By Andrea Wachter, LMFT
I began hating my body when I was a teenager. I spent years lost in self-criticism and the unhealthy behaviors I turned to in an attempt to quiet those constant criticisms.
I know now that my unkind mind was really just trying to help. I thought that if I could attain the body size I was programmed to believe I should I be, I would live happily ever after.
What a faulty system that was.
The only way to attain and maintain a body that is not naturally meant for us is to live in an unnatural manner. There’s no happily-ever-afterness in that.
Year after year, I obsessed over my body, restricting my food intake, overeating, bingeing, even abusing drugs and alcohol. On the outside, I’m sure people thought I was the life of the party. On the inside, I suffered severely. My mind played and replayed a near-constant internal soundtrack that told me I was not good enough but that if I somehow changed my appearance, I would be.
After many years of riding what I refer to as the “diet/riot roller coaster,” I finally found help. Only this time it wasn’t counterfeit help, in the form of a new diet or exercise regime. It was deeper help for my emotions, thoughts, needs, communication skills, and endless food and fitness rules.
I learned that critiquing and criticizing our bodies is not natural. These are adopted patterns resulting from a massive hypnotic spell of body perfection. I learned how to challenge my unkind thoughts and put self-kindness and peace of mind at the top of my priority list. I learned how to speak to myself kindly and treat myself respectfully.
I had always thought that if I ate what I truly wanted, I’d never stop eating. But that was only the case when I never let myself eat what I truly wanted. I always thought that if I treated myself kindly, I would never get anything done. But that was before I tested out kindness as my home base. I thought that if someone had what I thought was a perfect body, they must have a perfect life, but that was only because I was lost in society’s cultural programming and didn’t know how to question its faultiness. And I always thought I needed to change my body in order to be lovable, but it turned out that I needed to change my thinking. I know now that changing my body will not make me feel loved; only loving myself will.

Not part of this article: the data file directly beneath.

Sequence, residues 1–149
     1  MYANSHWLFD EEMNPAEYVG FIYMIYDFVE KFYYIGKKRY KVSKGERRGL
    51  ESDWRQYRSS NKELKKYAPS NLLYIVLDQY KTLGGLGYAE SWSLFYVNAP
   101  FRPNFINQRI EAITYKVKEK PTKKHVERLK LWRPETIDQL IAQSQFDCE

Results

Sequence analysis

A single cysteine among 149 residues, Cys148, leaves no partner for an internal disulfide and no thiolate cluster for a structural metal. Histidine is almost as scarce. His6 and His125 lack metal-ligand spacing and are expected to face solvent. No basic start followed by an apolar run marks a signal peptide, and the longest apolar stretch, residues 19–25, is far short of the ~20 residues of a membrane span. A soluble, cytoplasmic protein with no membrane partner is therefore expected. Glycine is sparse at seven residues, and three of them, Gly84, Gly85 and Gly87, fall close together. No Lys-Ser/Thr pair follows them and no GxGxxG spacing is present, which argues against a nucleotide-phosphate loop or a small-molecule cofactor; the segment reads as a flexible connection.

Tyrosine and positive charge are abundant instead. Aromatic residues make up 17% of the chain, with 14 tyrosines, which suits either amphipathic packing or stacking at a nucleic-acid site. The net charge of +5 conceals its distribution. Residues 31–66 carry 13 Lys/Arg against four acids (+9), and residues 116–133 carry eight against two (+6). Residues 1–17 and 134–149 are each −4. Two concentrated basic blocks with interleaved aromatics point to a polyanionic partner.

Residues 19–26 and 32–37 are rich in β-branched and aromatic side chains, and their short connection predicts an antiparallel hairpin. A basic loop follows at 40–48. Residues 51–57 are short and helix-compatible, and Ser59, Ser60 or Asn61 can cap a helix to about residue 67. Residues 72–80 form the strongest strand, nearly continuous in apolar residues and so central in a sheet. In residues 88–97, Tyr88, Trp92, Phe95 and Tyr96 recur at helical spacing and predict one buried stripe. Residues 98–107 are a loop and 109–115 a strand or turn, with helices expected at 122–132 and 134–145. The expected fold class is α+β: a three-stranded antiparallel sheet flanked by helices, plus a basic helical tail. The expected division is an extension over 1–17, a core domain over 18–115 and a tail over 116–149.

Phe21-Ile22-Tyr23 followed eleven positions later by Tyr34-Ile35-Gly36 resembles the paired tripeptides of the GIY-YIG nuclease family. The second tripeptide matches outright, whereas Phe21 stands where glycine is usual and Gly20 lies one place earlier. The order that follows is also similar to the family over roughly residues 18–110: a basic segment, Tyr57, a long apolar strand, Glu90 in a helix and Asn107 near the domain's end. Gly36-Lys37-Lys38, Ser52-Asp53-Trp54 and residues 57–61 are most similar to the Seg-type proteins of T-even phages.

Occasionally, I come across a picture of myself as a teen. I remember how dreadfully uncomfortable I felt in my skin, in a bathing suit, and at parties. I can see now that I was a precious adolescent with a healthy, changing body. If I could only tell her, “You’re fine, sweetheart. Eat whatever you want. Your body will tell you when it’s had enough. Don’t believe everything you think or what others say. Move your body in ways that feel good and then rest, a lot. Speak your truth. Hang out with people who hear your truth and want to tell you theirs. Seek to know your heart’s desires. Go for balance. Go for self-love.”
I know I can’t save that young girl from the years of suffering, dieting, bingeing, comparing, and despairing. But I can prevent myself from looking back on pictures 20 years from now and having to say, “Oh honey, you’re a lovely woman. Welcome aging, wrinkles, spots, and sagging skin. Don’t lose an ounce of precious time criticizing your body. Thank it for all it does for you every single minute. Thank those limbs and systems. Thank those lungs. Thank that heart. Thank those miraculous senses that enable you to see, hear, feel, taste, and write. Don’t waste another minute hating your body. Feed it, move it, rest it, appreciate it. And help others do the same.”
If you are struggling with your body image, I hope you will try on some body appreciations and see how they feel. Seek support if you need to. Don’t miss out on years of your life berating your body like I did. If the cultural programming of perfectionism has led you to turn against your body, look for ways to say no to those programs and see your body through eyes of compassion, acceptance, love, and appreciation.